The Australian Securities and Investments Commission (ASIC) has admitted it preferred the views of consumer groups over the concerns of financial services companies when it reduced internal dispute resolution (IDR) timeframes to 30 days.
ASIC’s position is spelled out in the Regulation Impact Statement (RIS) attaching to the IDR changes in which it acknowledged that industry submissions had broadly opposed the 30-day timeframe because of the complexity of dealing with some complaints, particularly financial advice complaints.
However, the regulator said: “We do not accept that all of the complaints in any particular subsector are inherently complex and require additional time to resolve. Firms should ensure that their record-keeping and customer service functions are appropriate for the level of complexity in their business”.
The ASIC statement said that industry submissions had broadly opposed the 30 calendar day timeframe for non-superannuation complaints.
“Their arguments against this requirement included that:
(a) complaints from specific industry subsectors (e.g. financial advice related complaints and responsible lending related complaints) are all inherently complex and require more time;
(b) the resolution of individual complaints is often delayed by factors outside of the financial firm’s control, such as delays caused by the complainant, third-party insurers or medical experts; and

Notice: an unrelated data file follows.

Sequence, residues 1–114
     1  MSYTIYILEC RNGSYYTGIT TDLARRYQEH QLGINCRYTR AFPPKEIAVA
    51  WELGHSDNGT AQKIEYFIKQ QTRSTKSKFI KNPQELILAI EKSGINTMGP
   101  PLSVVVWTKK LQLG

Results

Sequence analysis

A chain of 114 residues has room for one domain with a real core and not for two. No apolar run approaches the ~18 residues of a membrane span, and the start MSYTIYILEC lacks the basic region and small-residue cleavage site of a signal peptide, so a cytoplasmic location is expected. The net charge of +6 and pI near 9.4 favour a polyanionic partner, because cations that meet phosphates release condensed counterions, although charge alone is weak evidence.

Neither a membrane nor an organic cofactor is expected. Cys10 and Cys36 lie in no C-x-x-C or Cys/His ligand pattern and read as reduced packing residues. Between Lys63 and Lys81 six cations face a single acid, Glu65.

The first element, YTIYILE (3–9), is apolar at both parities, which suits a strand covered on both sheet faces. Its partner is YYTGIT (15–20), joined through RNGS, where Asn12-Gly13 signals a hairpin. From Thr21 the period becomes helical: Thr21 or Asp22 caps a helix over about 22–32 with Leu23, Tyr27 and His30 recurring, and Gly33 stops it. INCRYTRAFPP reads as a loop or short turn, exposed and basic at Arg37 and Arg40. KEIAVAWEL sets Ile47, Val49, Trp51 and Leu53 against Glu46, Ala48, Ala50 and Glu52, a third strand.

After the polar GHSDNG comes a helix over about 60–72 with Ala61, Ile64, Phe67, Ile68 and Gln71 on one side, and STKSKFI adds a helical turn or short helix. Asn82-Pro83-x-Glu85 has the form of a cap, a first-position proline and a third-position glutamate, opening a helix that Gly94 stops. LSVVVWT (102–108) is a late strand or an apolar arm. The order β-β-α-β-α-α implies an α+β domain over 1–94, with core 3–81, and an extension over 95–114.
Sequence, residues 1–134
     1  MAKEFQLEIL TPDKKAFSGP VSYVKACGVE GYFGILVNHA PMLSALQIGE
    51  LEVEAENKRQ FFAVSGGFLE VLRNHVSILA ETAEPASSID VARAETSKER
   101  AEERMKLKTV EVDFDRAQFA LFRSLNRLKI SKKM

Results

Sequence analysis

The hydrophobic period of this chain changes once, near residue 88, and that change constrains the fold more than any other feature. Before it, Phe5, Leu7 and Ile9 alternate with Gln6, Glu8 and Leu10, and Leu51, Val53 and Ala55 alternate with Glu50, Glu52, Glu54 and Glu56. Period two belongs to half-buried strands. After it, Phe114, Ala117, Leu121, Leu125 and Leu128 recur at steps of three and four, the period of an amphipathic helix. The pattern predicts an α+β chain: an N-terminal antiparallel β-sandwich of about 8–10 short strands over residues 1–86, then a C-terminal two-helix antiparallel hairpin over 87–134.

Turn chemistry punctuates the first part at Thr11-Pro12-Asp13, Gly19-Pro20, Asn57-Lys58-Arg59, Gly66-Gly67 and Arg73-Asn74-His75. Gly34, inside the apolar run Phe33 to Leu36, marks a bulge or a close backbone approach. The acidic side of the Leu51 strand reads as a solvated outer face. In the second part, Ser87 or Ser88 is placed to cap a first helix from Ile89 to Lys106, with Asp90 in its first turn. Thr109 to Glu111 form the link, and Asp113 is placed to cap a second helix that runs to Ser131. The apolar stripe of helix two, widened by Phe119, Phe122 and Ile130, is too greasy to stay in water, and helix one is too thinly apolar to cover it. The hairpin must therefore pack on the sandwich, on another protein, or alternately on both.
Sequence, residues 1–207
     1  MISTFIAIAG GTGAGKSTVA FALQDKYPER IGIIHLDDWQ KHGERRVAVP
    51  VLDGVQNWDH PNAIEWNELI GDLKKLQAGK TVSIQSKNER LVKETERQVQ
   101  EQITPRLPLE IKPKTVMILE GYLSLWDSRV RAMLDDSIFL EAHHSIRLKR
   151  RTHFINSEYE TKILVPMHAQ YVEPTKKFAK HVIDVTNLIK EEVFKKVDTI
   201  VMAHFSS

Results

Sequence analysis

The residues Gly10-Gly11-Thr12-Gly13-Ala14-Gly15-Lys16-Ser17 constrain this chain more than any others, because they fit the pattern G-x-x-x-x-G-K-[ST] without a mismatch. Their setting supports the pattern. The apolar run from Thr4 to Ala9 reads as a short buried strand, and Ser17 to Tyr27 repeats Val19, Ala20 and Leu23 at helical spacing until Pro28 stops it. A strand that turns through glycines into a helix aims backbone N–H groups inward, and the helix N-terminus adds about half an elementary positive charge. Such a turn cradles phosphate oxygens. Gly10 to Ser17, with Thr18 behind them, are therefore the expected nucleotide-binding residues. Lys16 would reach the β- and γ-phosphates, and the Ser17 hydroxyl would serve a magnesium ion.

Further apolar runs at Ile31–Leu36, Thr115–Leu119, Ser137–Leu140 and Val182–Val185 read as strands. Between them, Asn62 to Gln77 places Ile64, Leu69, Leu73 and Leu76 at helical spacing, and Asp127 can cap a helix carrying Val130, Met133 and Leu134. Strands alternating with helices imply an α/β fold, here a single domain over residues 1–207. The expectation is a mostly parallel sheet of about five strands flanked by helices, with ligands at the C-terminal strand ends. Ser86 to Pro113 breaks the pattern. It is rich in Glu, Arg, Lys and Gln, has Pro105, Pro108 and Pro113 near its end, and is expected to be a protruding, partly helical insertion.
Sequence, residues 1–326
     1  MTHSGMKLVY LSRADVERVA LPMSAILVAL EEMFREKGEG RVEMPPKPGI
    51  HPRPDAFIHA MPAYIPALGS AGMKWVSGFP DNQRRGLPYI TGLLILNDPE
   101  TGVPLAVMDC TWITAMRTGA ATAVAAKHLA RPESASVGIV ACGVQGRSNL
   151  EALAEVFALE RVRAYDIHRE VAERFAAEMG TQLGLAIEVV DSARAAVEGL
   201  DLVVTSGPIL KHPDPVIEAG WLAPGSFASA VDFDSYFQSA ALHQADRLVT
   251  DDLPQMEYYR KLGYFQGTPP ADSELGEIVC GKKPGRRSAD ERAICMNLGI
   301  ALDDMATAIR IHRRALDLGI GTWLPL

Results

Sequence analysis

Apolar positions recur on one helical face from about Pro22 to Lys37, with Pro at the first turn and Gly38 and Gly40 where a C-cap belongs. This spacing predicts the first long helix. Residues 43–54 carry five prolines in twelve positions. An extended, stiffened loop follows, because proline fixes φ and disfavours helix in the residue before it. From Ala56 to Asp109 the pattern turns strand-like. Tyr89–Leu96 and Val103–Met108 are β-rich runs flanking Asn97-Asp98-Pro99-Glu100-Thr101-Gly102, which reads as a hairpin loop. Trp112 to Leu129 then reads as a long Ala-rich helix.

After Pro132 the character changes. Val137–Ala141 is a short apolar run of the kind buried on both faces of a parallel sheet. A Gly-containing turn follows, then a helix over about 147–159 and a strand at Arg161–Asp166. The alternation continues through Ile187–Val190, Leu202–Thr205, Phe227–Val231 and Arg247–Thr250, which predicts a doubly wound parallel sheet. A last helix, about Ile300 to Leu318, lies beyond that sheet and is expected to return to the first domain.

(c) reducing IDR timeframes would simply push more matters on to AFCA.
“Many industry submissions noted that while they could (and already do) provide an IDR response to the vast majority of complaints within 30 days, the complex cases that require more time are not accurately described or defined as being ‘exceptional’,” ASIC said.
By comparison, it said all submissions by consumer representative groups supported a reduction in IDR timeframes to 30 calendar days for non-superannuation complaints with one submission proposing a 21-day timeframe for all complaints.
“Some of these submissions noted the stress that an unresolved complaint can cause, particularly when a complainant needs to make significant financial decisions (e.g. whether to sell an asset or declare bankruptcy). Consumer legal representatives provided examples where their clients had assumed that their complaint had been rejected due to the long wait times.”
ASIC noted that it had provided exceptions to the 30-day rule where it could be proved particular complaints were complex.